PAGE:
It seems that we have thoroughly examined all the cases that may present themselves among amateurs whose studies have been insufficient or incomplete. There still remains one more, however, perhaps the most interesting of all, often also a very sad one, which it would be prudent always to foresee. The reader divines it. How often we see a man or woman of the world, more often a woman, sometimes indeed a young girl, obliged by some reverse of fortune to seek some resource, temporarily or permanently, in the exercise of an art that has never been studied except in the quality of an amateur?
It is here particularly that the inconvenience of superficial studies is sadly felt, as also the danger of family and social adulations. The individual believed himself or herself to be the possessor of real talent, accepted all the compliments as sterling, took pleasure in deceiving himself as to his proper value, and on the day when the necessity arose of making use of it, he saw it all vanish in smoke. Shall he launch out as a virtuoso? That is the first thing thought of, because it is the most brilliant and the most lucrative, when success is with us, but the examination is not a long one. It very soon becomes evident that he possesses nothing that is needed, and least of all the repertory, the qualities of endurance, solidity and assurance which can only result from long training. That is the first deception. Quite naturally, the next thought is of teaching. But to be a teacher, scholars are needed; and to attract scholars, unless we can make ourselves heard and applauded, we must be able at least to give some proof in some way of our qualifications for teaching, or show pupils already formed; but, in order to show them, we must have some ! Then, distressed and disillusioned, he turns in a fruitless circle, from which only a happy chance, upon which he must not count too much, can deliver him. He thought he had a tool in his hand, and it was only a plaything.
For this sad state of things, I do not know any remedy.
But there exists one means of avoiding this, which I have already hinted at, and this is to be trained for teaching in advance. I know personally, which makes me suppose that the case is not very rare, several fine examples of young women of the best society, having what is called " a fine amateur talent," and whose position with regard to fortune seems to be, as far as is possible, sheltered against all eventualities, who devote several hours every day, gratuitously, of course, to the musical instruction of young boys or girls whose parents could not pay for the luxury of an accomplishment. Some give them courses in solfeggio, often quite numerous; others give in the true meaning of the word, piano lessons ; and there are others who teach singing, the violin, or the harp, and, far from keeping to the elementary stage, conduct their pupils quite far.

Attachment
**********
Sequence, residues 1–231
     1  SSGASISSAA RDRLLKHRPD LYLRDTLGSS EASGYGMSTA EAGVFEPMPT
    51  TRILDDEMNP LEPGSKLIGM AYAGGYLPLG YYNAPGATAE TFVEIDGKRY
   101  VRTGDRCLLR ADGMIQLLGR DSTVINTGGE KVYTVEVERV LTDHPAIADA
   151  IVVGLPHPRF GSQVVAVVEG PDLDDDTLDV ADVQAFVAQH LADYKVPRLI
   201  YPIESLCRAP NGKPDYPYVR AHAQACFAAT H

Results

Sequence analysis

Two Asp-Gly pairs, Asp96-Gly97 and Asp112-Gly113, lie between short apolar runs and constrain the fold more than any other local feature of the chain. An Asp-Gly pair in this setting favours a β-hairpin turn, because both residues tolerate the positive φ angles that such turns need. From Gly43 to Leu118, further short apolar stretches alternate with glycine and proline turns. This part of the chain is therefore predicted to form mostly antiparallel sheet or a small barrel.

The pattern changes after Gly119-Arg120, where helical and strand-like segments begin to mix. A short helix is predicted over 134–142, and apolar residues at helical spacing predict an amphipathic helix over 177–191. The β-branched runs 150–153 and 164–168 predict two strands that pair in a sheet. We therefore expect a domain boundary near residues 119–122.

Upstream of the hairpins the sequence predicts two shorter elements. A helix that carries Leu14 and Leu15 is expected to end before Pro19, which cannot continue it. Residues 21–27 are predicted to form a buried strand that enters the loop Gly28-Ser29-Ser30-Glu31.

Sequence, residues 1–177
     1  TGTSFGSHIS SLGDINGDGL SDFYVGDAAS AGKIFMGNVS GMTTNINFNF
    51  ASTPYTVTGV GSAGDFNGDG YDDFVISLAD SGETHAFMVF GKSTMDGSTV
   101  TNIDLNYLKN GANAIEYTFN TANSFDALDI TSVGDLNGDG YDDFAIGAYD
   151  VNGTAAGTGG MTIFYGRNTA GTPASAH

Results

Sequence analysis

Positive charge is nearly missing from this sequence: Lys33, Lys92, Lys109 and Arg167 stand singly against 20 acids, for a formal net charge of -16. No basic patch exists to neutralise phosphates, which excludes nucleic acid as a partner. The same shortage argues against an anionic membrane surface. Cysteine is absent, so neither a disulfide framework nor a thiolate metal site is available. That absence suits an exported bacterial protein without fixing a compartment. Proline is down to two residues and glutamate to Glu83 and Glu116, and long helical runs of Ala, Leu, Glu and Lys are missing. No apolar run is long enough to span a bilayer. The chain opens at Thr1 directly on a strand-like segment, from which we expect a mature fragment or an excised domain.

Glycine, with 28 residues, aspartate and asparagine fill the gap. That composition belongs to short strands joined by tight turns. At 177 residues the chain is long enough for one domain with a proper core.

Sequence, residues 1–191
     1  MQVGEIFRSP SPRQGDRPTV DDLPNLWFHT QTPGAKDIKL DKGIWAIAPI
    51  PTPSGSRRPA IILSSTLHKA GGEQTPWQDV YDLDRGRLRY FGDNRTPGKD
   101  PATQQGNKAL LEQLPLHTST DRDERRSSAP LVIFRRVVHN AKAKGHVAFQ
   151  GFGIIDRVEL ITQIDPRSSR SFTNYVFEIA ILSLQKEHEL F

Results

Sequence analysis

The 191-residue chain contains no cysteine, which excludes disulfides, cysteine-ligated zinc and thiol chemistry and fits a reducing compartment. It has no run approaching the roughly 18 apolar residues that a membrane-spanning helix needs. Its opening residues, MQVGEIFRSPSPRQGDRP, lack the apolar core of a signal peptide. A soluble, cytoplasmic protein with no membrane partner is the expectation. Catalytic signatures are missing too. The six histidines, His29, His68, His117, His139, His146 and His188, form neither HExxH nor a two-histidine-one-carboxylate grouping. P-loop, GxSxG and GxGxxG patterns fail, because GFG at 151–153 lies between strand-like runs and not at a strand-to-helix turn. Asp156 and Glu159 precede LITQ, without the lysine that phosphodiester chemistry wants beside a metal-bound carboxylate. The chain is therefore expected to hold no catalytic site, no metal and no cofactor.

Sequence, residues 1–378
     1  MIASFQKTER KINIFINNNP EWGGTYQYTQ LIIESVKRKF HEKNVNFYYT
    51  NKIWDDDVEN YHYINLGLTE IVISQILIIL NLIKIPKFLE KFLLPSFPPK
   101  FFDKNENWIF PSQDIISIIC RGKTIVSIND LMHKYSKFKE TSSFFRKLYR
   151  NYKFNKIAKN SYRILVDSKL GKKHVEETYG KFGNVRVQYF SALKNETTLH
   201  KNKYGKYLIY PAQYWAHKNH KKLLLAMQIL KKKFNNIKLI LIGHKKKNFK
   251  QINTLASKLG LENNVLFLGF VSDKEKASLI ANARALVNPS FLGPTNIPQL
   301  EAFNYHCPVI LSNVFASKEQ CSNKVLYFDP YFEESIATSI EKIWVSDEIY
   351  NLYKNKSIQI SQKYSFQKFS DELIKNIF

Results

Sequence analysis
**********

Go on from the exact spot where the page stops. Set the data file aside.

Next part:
Do they do this from a sentiment of pure charity? We may be permitted to doubt it, for their scholars do not belong for the most part to the indigent class, but are recruited rather from the lower middle class. In doing this, however, they accomplish an unquestionably beneficent act which it would be bad taste to disparage, for they give these children access to a class of studies which may lead them to a career which would remain closed to them without this intervention.
Do they do this with an idea of calculation and foresight into the future and the sorry surprises that it may have in store for them? I do not know, having never asked them about it ; but where would be the harm?
What is very certain is that whatever their incentive may be, there is nothing here but what is essentially honourable ; and if the days of adversity should come, they will find themselves quite differently armed for the struggle from those who have never done anything to prepare for it ; for not only will they have thus acquired the experience of teaching, upon the importance of which we have already insisted under all circumstances, so that there is no need to return to it here, but they have the means of justifying their qualifications for teaching by the exhibition of the results obtained, by making their little pupils heard, which is the best of all diplomas and ought to aid them strongly in recruiting from those about them the nucleus of a little following.
And if they should never need to have recourse to this resource, which I hope may be so, they will be re-warded in another way for the sacrifice that they have made of their time and trouble. One never knows anything so well as that which one has tried to teach to others ; and by this benevolent practice of teaching they will see their own talent develop and acquire quite an individual solidity and an assurance which is not the usual stamp of amateur talent.